American cinephiles turn to Tim Burton classics ahead of Halloween
Has the COVID-19 pandemic canceled Halloween? After the United States’ Centers for Disease Control and Prevention advised against traditional Halloween activities amid the pandemic, Americans are turning to Halloween-themed movies as an alternative to door-to-door trick-or-treating and crowded haunted houses.
A new Atlas VPN report found that Americans are currently looking for Tim Burton’s 1988 classic “Beetlejuice” on the Internet. This fantasy comedy, in which a recently deceased couple tries to scare away the new inhabitants of the house they are haunting, is favored in 19 states, including Florida, Illinois, Louisiana, Nevada and Washington.
Although not a Halloween-themed movie per se, “The Nightmare Before Christmas” tops the chart as the most popular film in the U.S. for the month of October. The iconic animated film, also directed by Burton, is trending in 24 states. Among them are Colorado, Arkansas, Kentucky, Pennsylvania and Tennessee.
Since its release in October 1993, fans and critics have often questioned whether or not the tale of Pumpkin King Jack Skellington on his road to self-discovery is a Halloween or Christmas movie. Almost three decades later, the film’s composer Danny Elfman settled the debate in a USA Today interview.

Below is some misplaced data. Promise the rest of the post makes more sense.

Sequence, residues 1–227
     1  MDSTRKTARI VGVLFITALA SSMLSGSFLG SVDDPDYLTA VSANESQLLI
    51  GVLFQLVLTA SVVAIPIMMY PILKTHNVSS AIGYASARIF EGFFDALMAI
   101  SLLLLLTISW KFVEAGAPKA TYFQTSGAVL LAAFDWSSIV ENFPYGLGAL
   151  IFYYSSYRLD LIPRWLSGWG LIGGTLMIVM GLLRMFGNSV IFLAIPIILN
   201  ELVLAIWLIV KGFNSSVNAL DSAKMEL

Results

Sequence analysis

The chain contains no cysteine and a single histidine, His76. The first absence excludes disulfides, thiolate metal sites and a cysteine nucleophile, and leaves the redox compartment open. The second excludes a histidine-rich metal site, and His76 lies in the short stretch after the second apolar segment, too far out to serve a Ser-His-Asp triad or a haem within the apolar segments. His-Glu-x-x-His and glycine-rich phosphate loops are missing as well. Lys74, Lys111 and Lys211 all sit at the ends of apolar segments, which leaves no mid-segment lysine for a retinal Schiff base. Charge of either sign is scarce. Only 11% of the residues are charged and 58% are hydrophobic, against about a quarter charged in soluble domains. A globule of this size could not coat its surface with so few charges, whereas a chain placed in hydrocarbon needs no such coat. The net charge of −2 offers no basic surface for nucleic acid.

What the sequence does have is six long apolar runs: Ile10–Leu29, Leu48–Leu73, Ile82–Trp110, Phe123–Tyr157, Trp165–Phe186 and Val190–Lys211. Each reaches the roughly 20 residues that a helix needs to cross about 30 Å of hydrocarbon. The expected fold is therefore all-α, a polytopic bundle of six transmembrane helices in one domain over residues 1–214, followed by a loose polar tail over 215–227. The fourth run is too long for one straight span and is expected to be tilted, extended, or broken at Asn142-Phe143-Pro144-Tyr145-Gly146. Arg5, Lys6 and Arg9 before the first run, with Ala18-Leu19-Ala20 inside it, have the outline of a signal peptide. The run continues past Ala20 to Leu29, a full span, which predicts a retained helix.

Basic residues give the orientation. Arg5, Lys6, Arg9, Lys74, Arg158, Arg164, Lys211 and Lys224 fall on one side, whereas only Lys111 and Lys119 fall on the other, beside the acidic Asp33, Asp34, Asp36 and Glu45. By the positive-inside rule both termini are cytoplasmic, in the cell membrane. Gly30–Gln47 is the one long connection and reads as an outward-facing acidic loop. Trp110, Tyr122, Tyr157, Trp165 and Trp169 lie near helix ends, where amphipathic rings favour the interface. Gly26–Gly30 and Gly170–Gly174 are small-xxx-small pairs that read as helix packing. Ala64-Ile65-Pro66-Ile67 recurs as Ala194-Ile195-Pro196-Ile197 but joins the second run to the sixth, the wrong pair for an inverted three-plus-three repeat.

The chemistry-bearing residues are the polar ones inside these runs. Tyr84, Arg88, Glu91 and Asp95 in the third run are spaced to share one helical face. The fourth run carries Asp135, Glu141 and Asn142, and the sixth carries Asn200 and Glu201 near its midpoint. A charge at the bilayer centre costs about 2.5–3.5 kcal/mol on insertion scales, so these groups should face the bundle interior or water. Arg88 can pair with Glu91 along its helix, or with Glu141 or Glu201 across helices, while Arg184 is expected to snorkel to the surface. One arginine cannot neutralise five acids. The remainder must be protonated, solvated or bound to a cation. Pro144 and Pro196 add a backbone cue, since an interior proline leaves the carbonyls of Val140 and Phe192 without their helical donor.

“It’s obviously about Christmas, but for me, it’s a Halloween movie. Growing up, Halloween was my favorite night of the year and Christmas was a troublesome time. Into my adult years, it was a time where a bit of a dark cloud would follow me around –probably carrying over from my childhood until I had my own kids – and then I developed a new, brighter view of Christmas,” he told the publication.
Aside from Burton’s “The Nightmare Before Christmas” and “Beetlejuice,” American cinephiles are also searching the web for Adam Sandler’s latest comedy, “Hubie Halloween.” The kid-friendly Halloween comedy, available on Netflix, is the most popular film among residents of North Dakota.
Researchers also found that, just as in the rest of the world, Disney’s “Mulan” was popular among American film buffs. Residents of District of Columbia, Georgia, Mississippi, Montana, and New York favored the $200 million live-action remake of the 1998 animation over other movies.
Researchers from Atlas VPN compiled a list of the most popular movies in the U.S. according to IMDB and cross-referenced them with Google Trends data from October of 2020. CC
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